Many small changes is faster than one big change.
When you refactor, don't change behavior. When you change behavior, don't refactor. Maintain three points of contact like a mountain climber. 🧗
If it's been more than a few minutes since the tests last passed,
git reset --hard and try again using smaller steps.
(Your IDE's local history may also show when all tests last passed, so you can revert to that point in time.)
There are four strategies to refactor and design using small, safe steps:
- Leap: The change is small enough. Just do it.
- Parallel: Build the new solution side-by-side with the old solution, until the new can replace the old.
- Stepping stone: You want to build thing A, but if you built thing B first, that could make it easier to build thing A. (Beware of gold plating.)
- Simplification: Solve a trivialized version of the problem first. 1×1 sudoku.
Design is scale-free. The parallel change strategy works the same way regardless of whether we're adding a new field to a class, or replacing the healthcare software system of a city.
Tests should be sensitive to behavior changes and insensitive to structure changes.
Each test should test only one thing.
Each bug should cause only one test to fail.
From the pattern of failing tests, it should be possible to guess in which function or line the problem is.
If some code can be commented out and no test fails, the code should be dead.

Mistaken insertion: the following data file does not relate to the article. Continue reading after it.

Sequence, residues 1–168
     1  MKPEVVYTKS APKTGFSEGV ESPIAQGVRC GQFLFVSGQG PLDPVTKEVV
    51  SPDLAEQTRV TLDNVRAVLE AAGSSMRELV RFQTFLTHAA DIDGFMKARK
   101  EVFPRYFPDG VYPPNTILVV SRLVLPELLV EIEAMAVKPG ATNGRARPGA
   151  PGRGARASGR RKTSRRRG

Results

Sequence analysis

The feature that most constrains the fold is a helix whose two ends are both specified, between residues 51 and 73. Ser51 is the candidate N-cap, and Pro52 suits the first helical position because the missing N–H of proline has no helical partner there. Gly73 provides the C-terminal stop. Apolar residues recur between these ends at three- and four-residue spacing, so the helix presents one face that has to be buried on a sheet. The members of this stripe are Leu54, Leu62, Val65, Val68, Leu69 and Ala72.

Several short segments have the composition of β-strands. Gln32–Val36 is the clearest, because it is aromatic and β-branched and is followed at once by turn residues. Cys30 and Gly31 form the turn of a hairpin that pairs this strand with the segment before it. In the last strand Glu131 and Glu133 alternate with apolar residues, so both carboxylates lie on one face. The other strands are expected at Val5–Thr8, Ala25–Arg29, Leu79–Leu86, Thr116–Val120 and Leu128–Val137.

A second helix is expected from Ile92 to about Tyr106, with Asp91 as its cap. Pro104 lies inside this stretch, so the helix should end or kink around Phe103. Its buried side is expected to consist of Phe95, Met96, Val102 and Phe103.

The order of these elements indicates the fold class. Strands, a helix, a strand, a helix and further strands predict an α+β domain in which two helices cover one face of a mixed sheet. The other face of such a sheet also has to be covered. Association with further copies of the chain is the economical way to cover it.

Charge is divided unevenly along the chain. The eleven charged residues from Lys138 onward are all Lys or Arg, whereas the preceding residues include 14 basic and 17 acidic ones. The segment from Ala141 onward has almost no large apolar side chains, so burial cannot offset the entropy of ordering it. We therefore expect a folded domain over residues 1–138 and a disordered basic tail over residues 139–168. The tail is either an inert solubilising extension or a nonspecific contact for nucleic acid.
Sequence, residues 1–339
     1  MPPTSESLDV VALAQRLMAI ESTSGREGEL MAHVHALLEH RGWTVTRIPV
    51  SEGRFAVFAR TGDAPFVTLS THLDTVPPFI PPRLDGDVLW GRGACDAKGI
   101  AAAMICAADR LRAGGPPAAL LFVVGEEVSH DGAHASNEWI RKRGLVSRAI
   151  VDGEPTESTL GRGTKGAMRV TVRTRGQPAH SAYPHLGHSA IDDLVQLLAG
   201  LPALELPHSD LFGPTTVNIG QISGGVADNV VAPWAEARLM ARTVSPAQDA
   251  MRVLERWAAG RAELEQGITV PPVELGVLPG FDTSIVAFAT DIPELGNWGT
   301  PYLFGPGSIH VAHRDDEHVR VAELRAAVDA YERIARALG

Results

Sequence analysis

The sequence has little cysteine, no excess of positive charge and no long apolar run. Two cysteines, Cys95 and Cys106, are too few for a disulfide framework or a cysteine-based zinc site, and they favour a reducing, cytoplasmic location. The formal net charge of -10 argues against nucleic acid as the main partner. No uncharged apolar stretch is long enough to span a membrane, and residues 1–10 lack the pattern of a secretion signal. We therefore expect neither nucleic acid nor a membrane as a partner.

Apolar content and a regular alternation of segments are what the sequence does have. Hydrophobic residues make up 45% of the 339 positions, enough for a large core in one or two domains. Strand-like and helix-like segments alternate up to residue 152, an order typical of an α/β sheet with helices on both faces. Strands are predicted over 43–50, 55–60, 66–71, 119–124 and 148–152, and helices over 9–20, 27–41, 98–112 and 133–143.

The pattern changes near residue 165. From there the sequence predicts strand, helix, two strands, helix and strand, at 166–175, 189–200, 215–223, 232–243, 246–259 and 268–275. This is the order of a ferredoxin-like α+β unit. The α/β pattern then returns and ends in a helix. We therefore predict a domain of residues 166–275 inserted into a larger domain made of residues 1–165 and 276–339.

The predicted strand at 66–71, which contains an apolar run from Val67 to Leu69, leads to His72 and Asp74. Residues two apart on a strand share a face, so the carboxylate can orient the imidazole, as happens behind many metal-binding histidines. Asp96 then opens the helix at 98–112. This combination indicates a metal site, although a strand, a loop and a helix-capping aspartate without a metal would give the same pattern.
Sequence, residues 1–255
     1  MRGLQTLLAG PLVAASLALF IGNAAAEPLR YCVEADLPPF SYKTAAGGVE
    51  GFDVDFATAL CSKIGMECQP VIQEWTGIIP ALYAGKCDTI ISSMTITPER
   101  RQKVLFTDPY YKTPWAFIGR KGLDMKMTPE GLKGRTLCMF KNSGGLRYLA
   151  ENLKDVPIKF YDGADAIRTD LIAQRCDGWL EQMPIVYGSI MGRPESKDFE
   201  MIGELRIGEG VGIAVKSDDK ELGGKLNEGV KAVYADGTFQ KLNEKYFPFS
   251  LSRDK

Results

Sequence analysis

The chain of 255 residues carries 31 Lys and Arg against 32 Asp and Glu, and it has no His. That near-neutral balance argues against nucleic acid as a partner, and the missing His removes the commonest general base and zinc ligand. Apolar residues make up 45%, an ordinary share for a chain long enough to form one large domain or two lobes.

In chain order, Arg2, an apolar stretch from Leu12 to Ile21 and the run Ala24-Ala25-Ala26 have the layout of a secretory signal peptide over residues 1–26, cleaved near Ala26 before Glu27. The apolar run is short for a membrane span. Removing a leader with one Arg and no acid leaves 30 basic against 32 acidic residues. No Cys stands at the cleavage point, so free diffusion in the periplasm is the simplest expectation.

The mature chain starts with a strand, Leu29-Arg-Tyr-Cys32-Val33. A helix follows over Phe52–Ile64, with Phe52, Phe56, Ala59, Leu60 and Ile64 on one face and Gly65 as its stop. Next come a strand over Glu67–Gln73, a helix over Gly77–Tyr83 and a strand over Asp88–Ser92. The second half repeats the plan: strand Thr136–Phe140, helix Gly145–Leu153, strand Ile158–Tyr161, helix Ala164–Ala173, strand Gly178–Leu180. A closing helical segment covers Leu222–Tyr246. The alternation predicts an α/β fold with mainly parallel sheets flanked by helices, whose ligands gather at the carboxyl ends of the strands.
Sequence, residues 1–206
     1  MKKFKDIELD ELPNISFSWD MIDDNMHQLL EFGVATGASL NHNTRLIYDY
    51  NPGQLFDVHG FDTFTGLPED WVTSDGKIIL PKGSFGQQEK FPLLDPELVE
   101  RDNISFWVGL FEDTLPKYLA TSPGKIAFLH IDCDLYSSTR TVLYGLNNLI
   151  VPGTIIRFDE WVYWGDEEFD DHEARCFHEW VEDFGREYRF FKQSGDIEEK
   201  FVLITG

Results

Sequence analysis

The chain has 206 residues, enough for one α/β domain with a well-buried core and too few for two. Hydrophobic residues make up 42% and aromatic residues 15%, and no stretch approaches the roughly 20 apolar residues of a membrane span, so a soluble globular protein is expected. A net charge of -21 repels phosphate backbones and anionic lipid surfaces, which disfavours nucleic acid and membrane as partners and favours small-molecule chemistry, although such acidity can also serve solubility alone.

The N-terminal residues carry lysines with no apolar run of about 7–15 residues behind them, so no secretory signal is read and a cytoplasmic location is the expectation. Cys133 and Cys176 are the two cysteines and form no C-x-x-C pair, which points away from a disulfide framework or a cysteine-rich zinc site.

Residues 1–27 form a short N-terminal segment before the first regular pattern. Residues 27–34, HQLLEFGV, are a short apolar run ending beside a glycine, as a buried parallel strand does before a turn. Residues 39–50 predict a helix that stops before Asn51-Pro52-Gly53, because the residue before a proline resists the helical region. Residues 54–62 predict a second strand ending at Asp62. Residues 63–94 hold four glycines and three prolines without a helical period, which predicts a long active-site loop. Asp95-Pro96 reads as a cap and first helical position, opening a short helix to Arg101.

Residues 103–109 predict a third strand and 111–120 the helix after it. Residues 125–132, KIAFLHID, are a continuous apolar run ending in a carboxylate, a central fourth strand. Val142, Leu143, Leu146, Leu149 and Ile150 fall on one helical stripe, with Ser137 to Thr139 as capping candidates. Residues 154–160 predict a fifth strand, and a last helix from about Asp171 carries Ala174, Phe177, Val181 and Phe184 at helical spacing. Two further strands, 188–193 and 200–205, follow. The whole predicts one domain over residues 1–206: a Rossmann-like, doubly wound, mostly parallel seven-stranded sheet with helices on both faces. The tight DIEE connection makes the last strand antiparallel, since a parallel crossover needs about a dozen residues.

In five seconds you will have forgotten over half of your working memory. Make the tests so fast that you won't forget what you were thinking.
Many asserts per test: Normally tests are structured in the Arrange-Act-Assert/Given-When-Then/Hoare Triple format. But if they are instead Arrange-Act-Assert-Act-Assert-Act..., that usually indicates that a test is lacking focus and testing many different things (making the test's purpose harder to decipher), or that it's testing how the system does things instead of testing what the system does (making refactoring harder). Depending on the testing framework, earlier test failures may also mask later test failures, making it harder to know why the test failed. Instead, write many small, focused tests.
Complex test setup: If the arrange part of a test is long, requiring the careful arrangement of many collaborators to get the system into the desired initial state for the test, it may indicate design problems in the code. Lots of constructor arguments is a similar smell (which is why dependency injection frameworks are best avoided - they make it too easy to add dependencies). Instead, try to think of a design which eliminates some of the dependencies.